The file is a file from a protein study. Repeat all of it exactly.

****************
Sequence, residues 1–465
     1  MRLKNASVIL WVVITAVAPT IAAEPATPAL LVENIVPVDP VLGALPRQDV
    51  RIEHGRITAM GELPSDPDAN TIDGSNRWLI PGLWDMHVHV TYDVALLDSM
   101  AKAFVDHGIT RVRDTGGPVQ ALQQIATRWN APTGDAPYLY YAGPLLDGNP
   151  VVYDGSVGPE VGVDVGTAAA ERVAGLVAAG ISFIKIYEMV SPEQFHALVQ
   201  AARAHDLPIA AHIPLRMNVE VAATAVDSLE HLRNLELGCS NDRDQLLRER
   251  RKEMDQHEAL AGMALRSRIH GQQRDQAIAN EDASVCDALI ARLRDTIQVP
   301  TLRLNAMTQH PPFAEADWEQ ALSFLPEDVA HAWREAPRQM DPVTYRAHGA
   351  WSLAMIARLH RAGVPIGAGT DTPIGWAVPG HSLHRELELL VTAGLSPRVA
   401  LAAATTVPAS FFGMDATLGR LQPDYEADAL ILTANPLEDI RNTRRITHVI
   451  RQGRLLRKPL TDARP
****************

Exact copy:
Sequence, residues 1–465
     1  MRLKNASVIL WVVITAVAPT IAAEPATPAL LVENIVPVDP VLGALPRQDV
    51  RIEHGRITAM GELPSDPDAN TIDGSNRWLI PGLWDMHVHV TYDVALLDSM
   101  AKAFVDHGIT RVRDTGGPVQ ALQQIATRWN APTGDAPYLY YAGPLLDGNP
   151  VVYDGSVGPE VGVDVGTAAA ERVAGLVAAG ISFIKIYEMV SPEQFHALVQ
   201  AARAHDLPIA AHIPLRMNVE VAATAVDSLE HLRNLELGCS NDRDQLLRER
   251  RKEMDQHEAL AGMALRSRIH GQQRDQAIAN EDASVCDALI ARLRDTIQVP
   301  TLRLNAMTQH PPFAEADWEQ ALSFLPEDVA HAWREAPRQM DPVTYRAHGA
   351  WSLAMIARLH RAGVPIGAGT DTPIGWAVPG HSLHRELELL VTAGLSPRVA
   401  LAAATTVPAS FFGMDATLGR LQPDYEADAL ILTANPLEDI RNTRRITHVI
   451  RQGRLLRKPL TDARP